Market participants who closely follow the headlines will be forgiven for thinking the last two months have been a non-stop barrage of negative news, with no shortage of reasons to panic. The actual outcome – major indices again trading within sight of all-time highs – seems somewhat incongruous, given all the doom and gloom of August. What has changed? In short: sentiment. After seeing a substantial collapse in bond yields in August, some recent data has pointed to the US economy being more resilient than expected. While the trade war is having an impact, it would seem the fundamentals – for now – still favour an expansion of the current economic cycle. As a result, bond yields have rebounded sharply in September, and equities have moved higher, although a different set of names have lead this rally.
To state my case clearly, I fundamentally believe that a combination of disinflationary advances in technology, ageing global demographics and increasingly insular trade policy will anchor interest rates at historically low levels; growth simply is not robust enough to withstand the impact of significantly higher interest rates on a sustainable basis. In September alone, 16 central banks have cut cash rates, with the ECB even going as far as reintroducing QE. Under this scenario of uneven global growth, low inflation and ultra-low interest rates, I strongly believe that companies that can organically grow their revenues and profits will outperform. As such, I believe the investment case for high-quality, industry-leading and structurally growing companies remains intact.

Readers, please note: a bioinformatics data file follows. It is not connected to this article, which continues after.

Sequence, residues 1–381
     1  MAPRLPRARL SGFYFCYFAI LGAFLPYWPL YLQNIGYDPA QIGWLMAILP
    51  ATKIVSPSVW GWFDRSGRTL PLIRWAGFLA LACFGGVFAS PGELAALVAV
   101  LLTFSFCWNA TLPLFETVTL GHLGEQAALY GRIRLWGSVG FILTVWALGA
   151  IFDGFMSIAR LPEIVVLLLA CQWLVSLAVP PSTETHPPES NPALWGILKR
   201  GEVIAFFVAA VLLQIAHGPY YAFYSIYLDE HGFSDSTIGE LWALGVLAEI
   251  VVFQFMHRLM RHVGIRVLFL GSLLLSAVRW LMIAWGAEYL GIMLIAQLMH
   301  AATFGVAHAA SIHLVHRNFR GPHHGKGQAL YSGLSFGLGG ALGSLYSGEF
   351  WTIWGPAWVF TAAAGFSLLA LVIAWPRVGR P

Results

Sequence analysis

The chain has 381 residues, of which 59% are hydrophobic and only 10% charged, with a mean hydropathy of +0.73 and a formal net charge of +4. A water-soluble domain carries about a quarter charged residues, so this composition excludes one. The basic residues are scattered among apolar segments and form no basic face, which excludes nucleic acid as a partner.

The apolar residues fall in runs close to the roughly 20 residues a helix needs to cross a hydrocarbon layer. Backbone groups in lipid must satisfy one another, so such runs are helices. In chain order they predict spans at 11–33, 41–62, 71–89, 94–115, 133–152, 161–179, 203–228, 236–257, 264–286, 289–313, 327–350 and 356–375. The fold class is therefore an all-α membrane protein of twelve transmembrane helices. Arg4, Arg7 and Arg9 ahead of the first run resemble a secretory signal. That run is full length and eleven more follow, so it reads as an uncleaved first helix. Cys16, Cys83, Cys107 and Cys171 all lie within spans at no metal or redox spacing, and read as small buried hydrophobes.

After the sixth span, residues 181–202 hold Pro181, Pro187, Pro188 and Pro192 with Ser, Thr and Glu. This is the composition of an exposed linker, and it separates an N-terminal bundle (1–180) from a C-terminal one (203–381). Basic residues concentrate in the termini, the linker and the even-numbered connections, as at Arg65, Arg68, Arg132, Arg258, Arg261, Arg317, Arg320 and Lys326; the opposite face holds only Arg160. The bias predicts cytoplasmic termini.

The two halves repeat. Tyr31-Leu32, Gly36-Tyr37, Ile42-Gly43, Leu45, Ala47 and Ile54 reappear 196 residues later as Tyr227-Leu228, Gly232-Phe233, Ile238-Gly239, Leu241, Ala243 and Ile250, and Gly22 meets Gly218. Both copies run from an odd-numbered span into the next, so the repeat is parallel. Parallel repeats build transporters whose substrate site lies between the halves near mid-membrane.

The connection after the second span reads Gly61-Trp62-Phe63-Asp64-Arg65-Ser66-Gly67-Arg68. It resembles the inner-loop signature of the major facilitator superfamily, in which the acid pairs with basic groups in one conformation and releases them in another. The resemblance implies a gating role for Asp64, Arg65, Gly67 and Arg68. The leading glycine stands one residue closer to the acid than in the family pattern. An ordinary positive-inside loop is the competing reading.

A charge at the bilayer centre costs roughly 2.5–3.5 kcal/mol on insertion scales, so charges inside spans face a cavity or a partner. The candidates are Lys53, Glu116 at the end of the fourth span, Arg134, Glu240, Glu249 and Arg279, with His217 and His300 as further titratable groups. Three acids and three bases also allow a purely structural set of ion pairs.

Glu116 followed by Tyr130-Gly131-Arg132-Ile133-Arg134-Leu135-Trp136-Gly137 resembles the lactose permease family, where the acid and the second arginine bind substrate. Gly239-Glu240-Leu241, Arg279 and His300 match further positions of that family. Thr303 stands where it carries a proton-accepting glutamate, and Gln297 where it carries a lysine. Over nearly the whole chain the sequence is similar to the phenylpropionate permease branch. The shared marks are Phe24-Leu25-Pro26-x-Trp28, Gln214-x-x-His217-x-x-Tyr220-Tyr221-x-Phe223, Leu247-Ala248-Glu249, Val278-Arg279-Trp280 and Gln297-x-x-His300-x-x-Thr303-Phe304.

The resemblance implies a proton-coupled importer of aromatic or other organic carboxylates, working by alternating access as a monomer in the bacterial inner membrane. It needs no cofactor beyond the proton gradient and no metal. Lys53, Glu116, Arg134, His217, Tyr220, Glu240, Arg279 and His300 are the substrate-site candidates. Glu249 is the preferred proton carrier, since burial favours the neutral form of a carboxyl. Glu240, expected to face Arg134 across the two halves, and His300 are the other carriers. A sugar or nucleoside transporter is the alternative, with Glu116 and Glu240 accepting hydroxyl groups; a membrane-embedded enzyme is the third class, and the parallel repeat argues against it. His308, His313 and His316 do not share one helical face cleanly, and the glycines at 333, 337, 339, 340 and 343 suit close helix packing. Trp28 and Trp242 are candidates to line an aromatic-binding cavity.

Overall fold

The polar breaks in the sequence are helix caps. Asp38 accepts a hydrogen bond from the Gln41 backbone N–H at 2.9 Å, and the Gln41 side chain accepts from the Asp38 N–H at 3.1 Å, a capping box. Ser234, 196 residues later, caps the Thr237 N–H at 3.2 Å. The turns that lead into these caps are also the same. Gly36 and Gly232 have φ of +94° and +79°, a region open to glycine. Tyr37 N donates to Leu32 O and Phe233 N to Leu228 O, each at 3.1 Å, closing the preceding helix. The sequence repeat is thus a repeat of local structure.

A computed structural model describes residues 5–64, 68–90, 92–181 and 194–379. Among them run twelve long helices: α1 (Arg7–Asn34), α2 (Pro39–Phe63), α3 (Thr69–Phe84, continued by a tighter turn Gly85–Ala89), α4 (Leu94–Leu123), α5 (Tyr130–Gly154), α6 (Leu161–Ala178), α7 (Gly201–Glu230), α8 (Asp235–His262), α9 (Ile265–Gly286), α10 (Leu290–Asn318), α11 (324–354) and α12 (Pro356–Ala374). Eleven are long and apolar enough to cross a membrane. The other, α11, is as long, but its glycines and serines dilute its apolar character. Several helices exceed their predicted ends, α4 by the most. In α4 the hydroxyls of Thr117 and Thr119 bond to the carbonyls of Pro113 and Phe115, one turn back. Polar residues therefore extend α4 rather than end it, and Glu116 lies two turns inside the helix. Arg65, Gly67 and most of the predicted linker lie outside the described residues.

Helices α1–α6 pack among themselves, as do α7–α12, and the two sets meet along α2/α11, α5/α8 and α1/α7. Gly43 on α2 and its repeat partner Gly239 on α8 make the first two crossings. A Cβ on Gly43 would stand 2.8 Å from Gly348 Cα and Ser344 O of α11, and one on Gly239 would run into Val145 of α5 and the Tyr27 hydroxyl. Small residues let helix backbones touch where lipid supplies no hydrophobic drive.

This month we have seen an equity market rotation from “growth” to “value” and “defensives” to “cyclicals”. Given the reversal in bond yields, it’s not surprising but I do not see the fundamental macroeconomic catalyst for it to be sustained. Fiscal stimulus could support a measure of reflation but I think investing on whether the political stars align to allow this to happen amounts to near-term speculation and is not a sustainable way to generate long-term outperformance.